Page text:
July 27, 2020 – A breakthrough by Croatian-led team has far-reaching implications for the treatment and prevention of Alzheimer’s
A team of Croatian-led scientists have discovered a gene that protects against Alzheimer’s disease. The remarkable discovery was made by a Croatian-led team at Queen Mary University of London in collaboration with scientists at The Croatian Institute for Brain Research, School of Medicine, University of Zagreb. The discovery has far-reaching implications for both the prevention and treatment of Alzheimer’s.
Alzheimer’s is a degenerate brain disease that can be brought on by dementia. The main challenge in testing treatment drugs in trials is that participants need to already have symptoms. But, once people have symptoms, it is usually too late for treatments to have a significant effect, as many brain cells have already died.
Because of an extra chromosome they carry, people with Down’s Syndrome have a 70% chance of developing the disease. So, the Croatian-led team took hair cells from people who have Down’s Syndrome and genetically re-engineered to become stem cells. The stem cells were then grown into brain cells in a laboratory dish.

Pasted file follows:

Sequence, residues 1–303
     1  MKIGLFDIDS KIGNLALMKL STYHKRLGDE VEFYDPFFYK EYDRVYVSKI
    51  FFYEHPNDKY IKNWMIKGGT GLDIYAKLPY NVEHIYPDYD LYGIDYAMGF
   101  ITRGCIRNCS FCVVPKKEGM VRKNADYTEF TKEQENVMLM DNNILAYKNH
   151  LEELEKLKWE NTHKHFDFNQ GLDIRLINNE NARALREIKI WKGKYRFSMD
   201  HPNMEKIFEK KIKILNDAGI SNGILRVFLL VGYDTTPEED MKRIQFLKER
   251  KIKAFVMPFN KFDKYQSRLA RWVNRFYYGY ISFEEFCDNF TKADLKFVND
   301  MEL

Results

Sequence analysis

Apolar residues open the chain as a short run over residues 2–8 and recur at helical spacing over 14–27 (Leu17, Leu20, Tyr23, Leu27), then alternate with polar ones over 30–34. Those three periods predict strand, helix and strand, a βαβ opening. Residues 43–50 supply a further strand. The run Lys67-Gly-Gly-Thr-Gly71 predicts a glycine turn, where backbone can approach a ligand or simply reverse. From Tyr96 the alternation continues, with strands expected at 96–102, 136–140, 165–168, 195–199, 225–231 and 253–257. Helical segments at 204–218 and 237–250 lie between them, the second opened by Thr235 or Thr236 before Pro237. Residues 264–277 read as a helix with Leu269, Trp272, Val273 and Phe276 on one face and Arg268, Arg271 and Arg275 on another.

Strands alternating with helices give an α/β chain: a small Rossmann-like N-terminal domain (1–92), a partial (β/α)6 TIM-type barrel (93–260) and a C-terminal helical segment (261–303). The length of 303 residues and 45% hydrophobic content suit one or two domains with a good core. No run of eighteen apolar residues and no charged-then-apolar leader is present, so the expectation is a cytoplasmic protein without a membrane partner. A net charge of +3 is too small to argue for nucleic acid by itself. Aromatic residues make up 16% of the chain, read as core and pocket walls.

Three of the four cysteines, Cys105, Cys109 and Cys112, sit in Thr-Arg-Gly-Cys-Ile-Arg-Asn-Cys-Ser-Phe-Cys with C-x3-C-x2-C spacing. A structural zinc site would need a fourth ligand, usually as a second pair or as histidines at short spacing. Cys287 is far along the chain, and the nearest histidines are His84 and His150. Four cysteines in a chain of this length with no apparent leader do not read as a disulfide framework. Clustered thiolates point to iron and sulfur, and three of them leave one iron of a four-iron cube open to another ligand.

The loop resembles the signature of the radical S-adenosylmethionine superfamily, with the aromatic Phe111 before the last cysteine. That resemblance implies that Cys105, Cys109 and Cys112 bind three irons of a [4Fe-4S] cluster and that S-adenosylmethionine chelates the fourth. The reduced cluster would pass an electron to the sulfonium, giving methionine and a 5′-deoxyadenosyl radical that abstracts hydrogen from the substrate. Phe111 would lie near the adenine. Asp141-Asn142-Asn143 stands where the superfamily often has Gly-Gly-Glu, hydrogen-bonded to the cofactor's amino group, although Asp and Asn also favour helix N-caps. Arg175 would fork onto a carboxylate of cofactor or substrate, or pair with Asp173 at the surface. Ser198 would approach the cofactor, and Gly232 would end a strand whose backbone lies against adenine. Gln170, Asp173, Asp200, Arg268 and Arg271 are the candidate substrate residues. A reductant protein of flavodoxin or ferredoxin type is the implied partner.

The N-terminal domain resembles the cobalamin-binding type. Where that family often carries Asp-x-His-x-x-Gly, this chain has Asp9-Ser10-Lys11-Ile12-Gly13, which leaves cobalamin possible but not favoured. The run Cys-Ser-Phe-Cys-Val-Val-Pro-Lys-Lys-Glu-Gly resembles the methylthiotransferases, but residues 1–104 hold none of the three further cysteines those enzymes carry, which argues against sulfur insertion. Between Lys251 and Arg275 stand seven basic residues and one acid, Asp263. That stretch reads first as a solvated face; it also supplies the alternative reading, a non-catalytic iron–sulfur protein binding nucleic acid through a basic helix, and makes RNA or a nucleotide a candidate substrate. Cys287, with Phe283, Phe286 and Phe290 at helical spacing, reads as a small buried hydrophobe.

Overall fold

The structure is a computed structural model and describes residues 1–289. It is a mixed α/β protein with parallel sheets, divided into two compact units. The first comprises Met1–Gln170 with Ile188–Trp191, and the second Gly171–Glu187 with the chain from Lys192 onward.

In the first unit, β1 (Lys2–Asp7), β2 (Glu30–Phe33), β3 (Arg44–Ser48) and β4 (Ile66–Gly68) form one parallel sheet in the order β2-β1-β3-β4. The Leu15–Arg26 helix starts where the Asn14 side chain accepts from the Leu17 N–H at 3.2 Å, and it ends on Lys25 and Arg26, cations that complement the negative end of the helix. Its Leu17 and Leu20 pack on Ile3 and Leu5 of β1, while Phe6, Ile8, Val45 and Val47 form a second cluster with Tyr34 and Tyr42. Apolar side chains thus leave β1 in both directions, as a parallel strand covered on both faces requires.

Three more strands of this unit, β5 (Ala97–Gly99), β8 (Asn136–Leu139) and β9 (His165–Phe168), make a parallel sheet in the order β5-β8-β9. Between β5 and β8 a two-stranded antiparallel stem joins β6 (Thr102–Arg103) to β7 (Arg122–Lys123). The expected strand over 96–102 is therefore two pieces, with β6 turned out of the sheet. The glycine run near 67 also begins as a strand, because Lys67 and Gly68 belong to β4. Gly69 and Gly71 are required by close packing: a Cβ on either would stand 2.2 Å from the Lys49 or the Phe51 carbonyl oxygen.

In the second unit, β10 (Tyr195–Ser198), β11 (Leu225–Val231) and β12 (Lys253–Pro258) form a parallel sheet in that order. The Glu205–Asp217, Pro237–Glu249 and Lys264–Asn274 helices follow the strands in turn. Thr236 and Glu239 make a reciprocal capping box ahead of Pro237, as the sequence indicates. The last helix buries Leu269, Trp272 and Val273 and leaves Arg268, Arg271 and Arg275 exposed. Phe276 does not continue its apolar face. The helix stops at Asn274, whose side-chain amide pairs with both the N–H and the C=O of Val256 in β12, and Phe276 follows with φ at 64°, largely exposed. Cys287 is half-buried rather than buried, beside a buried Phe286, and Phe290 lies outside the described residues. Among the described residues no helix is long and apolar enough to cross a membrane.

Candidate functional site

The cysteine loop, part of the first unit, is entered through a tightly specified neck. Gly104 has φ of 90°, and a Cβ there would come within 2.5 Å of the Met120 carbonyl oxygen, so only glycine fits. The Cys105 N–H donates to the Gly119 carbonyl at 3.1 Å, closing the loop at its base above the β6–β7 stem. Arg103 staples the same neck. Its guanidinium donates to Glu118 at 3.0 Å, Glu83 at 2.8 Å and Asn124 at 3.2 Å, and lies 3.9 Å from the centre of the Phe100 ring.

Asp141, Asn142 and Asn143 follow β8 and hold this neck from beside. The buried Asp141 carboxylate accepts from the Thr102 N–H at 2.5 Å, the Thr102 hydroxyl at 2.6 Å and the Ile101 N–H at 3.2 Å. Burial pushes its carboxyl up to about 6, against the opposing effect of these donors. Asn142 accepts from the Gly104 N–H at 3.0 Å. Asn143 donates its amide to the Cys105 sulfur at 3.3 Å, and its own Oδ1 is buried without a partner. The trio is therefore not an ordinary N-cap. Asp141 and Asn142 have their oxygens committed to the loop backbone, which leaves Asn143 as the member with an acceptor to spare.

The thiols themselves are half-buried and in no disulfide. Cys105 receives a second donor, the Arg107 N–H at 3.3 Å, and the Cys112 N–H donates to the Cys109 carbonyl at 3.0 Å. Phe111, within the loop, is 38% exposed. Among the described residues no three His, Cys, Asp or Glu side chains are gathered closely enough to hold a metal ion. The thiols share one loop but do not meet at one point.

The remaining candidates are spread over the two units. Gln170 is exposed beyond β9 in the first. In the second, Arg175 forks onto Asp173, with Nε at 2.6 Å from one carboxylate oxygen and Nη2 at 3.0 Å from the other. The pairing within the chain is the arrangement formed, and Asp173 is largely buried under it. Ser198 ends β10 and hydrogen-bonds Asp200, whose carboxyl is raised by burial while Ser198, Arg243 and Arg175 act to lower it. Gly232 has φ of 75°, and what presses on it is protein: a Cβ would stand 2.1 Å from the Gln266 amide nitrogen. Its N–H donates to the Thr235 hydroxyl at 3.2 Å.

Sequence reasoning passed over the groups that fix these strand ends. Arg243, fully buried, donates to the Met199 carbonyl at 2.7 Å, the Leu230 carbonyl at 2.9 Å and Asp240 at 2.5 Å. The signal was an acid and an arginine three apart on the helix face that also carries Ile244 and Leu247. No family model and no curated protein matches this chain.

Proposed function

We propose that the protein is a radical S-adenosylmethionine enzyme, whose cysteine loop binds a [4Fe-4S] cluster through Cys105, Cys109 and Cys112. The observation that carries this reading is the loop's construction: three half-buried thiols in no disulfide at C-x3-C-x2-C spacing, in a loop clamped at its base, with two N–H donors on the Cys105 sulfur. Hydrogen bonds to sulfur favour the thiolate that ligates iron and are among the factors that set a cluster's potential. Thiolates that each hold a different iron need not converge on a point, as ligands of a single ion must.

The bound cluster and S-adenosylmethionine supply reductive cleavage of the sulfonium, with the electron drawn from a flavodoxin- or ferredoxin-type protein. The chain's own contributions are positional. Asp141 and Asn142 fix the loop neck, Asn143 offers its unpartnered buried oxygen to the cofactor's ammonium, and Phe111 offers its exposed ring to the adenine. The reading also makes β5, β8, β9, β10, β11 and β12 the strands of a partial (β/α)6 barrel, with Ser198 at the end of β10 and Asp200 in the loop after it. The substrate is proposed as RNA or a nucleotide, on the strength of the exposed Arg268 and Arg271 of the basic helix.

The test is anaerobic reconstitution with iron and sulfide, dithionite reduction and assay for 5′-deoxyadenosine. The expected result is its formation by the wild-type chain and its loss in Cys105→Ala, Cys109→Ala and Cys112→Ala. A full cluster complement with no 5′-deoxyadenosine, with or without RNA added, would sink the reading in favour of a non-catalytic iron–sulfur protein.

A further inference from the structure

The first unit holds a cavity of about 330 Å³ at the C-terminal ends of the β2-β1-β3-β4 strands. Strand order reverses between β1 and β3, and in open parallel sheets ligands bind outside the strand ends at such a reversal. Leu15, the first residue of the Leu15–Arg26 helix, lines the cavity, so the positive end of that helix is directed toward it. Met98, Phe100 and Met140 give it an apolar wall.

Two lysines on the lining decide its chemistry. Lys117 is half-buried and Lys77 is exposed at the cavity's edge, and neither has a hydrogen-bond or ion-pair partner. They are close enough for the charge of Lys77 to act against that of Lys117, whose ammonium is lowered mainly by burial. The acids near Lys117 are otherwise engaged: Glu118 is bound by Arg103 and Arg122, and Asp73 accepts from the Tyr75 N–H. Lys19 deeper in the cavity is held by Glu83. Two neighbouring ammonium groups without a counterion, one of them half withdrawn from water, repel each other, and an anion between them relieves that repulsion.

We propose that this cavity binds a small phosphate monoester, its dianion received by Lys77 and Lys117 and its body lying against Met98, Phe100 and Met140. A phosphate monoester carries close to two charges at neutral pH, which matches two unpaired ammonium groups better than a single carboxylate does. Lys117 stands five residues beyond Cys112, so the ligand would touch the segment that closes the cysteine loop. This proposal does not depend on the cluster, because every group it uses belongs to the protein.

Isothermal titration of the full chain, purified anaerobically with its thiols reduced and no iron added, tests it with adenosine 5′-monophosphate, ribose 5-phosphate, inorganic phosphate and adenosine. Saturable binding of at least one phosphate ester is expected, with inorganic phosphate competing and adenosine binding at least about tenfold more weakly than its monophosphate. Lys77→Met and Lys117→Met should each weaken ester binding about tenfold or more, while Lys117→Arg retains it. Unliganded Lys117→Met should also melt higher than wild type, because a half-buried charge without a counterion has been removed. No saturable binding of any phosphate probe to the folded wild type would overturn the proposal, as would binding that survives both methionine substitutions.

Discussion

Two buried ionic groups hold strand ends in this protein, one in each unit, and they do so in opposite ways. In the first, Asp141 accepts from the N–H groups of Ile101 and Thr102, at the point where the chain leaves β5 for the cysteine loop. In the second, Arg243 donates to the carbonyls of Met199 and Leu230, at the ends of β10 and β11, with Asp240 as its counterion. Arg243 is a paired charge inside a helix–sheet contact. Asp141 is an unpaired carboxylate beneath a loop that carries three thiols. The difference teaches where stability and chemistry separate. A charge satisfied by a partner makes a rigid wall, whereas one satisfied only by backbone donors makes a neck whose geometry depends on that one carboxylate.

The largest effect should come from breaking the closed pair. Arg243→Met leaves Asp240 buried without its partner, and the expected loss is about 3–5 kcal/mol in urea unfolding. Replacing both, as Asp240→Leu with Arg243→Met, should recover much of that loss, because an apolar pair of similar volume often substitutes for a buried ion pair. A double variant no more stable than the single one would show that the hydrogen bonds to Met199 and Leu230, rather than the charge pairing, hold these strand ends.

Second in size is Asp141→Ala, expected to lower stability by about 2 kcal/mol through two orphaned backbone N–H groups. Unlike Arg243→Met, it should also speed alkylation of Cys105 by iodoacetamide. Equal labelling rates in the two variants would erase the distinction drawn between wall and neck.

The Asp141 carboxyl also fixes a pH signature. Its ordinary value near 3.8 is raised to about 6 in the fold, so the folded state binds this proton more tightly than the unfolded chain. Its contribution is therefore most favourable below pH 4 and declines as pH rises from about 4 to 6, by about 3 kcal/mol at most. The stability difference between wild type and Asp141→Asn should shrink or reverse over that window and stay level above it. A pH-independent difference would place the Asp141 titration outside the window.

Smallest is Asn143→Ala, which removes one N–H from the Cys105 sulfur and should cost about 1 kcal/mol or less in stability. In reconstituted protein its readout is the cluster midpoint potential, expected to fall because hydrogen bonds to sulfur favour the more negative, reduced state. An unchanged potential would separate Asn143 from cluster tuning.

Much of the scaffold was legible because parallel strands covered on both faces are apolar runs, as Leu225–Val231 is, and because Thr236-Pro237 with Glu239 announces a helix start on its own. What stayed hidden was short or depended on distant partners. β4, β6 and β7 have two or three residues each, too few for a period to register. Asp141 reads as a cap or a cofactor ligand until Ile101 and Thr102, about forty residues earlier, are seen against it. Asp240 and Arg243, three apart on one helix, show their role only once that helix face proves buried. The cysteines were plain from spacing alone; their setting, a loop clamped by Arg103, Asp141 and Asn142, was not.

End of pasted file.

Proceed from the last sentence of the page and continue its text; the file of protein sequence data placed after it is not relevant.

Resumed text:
Queen Mary University of London © John Winfield
Studying the cells, the scientists were able to see Alzheimer’s-like pathology develop rapidly. They were then able to take two drugs and test their effectiveness in inhibiting the progression of the disease. Within six weeks, they proved that the drugs prevented the onset of Alzheimer’s-pathology.
The research also found proof of an Alzheimer’s suppressor gene (BACE2) that exists naturally within the brain. By increasing the activity of the gene, it is hoped Alzheimer’s can be slowed in its progression or eventually prevented altogether. The research has far-reaching implications for testing those who may eventually develop Alzheimer’s and on testing drugs for the prevention and treatment of the disease.
The team at The Blizard Institute, Barts & The London School of Medicine, Queen Mary University of London was lead by Croatian Professor Dean Nižetić. The international team that published their findings included another young Croatian scientist, Ivan Alić, who worked alongside Nižetić in London, plus Željka Krsnik, Goran Šimić, Ivica Kostović and Dinko Mitrečić from The Croatian Institute for Brain Research, School of Medicine, University of Zagreb.